Laboratoire International Associe Samuel Of Champlain

Samuel, Canada

Laboratoire International Associe Samuel Of Champlain

Samuel, Canada
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Doan N.D.,University of Québec | Doan N.D.,Laboratoire International Associe Samuel Of Champlain | Nguyen T.T.M.,University of Québec | Nguyen T.T.M.,Laboratoire International Associe Samuel Of Champlain | And 8 more authors.
British Journal of Pharmacology | Year: 2012

Background and Purpose During the past decade, a few GPCRs have been characterized at the nuclear membrane where they exert complementary physiological functions. In this study, we investigated (1) the presence of a functional urotensin-II (U-II) receptor (UT) in rat heart nuclear extracts and (2) the propensity of U-II and U-II-related peptide (URP) to cross the plasma membrane in a receptor-independent manner. Experimental Approach Biochemical and pharmacological methods including competitive binding assays, photoaffinity labelling, immunoblotting as well as de novo RNA synthesis were used to characterize the presence of functional UT receptors in rat heart nuclei. In addition, confocal microscopy and flow cytometry analysis were used to investigate the cellular uptake of fluorescent U-II and URP derivatives. Key Results The presence of specific U-II binding sites was demonstrated in rat heart nuclear extracts. Moreover, such subcellular localization was also observed in monkey heart extracts. In vitro transcription initiation assays on rat, freshly isolated, heart nuclei suggested that nuclear UT receptors are functional, and that U-II, but not URP, participates in nuclear UT-associated gene expression. Surprisingly, hU-II and URP efficiently crossed the plasma membrane in a receptor-independent mechanism involving endocytosis through caveolin-coated pits; this uptake of hU-II, but not that of URP, was dependent on extracellular pH. Conclusion Our results suggest that (1) U-II and URP can differentially modulate nuclear UT functions such as gene expression, and (2) both ligands can reach the internal cellular space through a receptor-independent mechanism. © 2011 The British Pharmacological Society.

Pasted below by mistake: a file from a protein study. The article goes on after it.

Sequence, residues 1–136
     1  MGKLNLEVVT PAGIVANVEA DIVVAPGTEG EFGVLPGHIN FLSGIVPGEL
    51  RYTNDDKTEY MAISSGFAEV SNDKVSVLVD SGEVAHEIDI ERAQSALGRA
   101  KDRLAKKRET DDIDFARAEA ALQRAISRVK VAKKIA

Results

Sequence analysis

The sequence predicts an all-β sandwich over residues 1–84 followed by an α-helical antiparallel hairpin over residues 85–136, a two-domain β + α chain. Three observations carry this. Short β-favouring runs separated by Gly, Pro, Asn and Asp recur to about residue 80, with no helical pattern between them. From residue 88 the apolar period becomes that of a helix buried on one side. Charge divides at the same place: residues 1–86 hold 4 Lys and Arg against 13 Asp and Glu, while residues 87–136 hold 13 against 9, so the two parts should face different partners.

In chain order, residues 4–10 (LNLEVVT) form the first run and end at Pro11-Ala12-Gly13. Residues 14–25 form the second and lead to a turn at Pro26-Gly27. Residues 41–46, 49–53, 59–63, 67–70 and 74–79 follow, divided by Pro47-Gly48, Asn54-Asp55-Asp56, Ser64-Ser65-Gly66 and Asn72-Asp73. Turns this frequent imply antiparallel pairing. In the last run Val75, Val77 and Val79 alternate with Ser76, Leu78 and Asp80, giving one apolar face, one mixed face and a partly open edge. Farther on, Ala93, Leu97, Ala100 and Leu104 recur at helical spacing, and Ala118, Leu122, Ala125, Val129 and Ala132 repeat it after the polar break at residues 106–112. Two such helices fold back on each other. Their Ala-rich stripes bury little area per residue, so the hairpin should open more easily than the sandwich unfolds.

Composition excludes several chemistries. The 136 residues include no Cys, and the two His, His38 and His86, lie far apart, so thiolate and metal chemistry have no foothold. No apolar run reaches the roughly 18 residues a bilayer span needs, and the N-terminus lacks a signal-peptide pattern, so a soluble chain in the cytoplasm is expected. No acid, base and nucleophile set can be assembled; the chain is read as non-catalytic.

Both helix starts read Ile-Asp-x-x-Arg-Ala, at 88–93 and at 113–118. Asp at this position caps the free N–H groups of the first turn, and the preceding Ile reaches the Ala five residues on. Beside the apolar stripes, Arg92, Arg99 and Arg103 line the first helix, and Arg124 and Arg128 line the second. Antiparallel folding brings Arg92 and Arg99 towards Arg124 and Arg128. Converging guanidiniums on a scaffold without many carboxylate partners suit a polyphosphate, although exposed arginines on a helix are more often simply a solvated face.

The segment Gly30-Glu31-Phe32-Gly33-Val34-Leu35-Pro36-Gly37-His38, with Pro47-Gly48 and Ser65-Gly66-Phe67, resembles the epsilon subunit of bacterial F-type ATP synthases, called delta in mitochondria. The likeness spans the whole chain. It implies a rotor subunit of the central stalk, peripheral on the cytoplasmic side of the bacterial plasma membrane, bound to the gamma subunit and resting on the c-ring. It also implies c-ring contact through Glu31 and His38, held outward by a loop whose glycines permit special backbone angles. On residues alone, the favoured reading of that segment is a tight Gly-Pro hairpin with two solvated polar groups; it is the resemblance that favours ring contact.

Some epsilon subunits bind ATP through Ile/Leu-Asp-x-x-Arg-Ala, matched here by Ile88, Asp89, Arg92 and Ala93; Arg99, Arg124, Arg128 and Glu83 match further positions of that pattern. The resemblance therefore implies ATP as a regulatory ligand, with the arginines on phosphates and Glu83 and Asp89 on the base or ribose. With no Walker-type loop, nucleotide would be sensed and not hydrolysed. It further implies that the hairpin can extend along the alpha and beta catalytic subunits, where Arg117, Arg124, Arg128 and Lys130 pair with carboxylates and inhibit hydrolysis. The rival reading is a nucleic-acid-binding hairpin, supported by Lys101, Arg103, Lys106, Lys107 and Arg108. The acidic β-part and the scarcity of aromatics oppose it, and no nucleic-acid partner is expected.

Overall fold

Chatenet D.,University of Québec | Chatenet D.,Laboratoire International Associe Samuel Of Champlain | Letourneau M.,University of Québec | Letourneau M.,Laboratoire International Associe Samuel Of Champlain | And 7 more authors.
British Journal of Pharmacology | Year: 2013

Background and Purpose Recent evidence suggested that urotensin II (UII) and its paralog peptide UII-related peptide (URP) might exert common but also divergent physiological actions. Unfortunately, none of the existing antagonists were designed to discriminate specific UII- or URP-Associated actions, and our understanding, on how these two endogenous peptides can trigger different, but also common responses, is limited. Experimental Approach Ex vivo rat and monkey aortic ring contraction as well as dissociation kinetics studies using transfected CHO cells expressing the human urotensin (UT) receptors were used in this study. Key Results Ex vivo rat and monkey aortic ring contraction studies revealed the propensity of [Pep4]URP to decrease the maximal response of human UII (hUII) without any significant change in potency, whereas no effect was noticeable on the URP-induced vasoconstriction. Dissociation experiments demonstrated the ability of [Pep4]URP to increase the dissociation rate of hUII, but not URP. Surprisingly, URP, an equipotent UII paralog, was also able to accelerate the dissociation rate of membrane-bound 125I-hUII, whereas hUII had no noticeable effect on URP dissociation kinetics. Further experiments suggested that an interaction between the glutamic residue at position 1 of hUII and the UT receptor seems to be critical to induce conformational changes associated with agonistic activation. Finally, we demonstrated that the N-terminal domain of the rat UII isoform was able to act as a specific antagonist of the URP-Associated actions. Conclusion Such compounds, that is [Pep4]URP and rUII(1-7), should prove to be useful as new pharmacological tools to decipher the specific role of UII and URP in vitro but also in vivo. © 2012 The Authors. British Journal of Pharmacology © 2012 The British Pharmacological Society.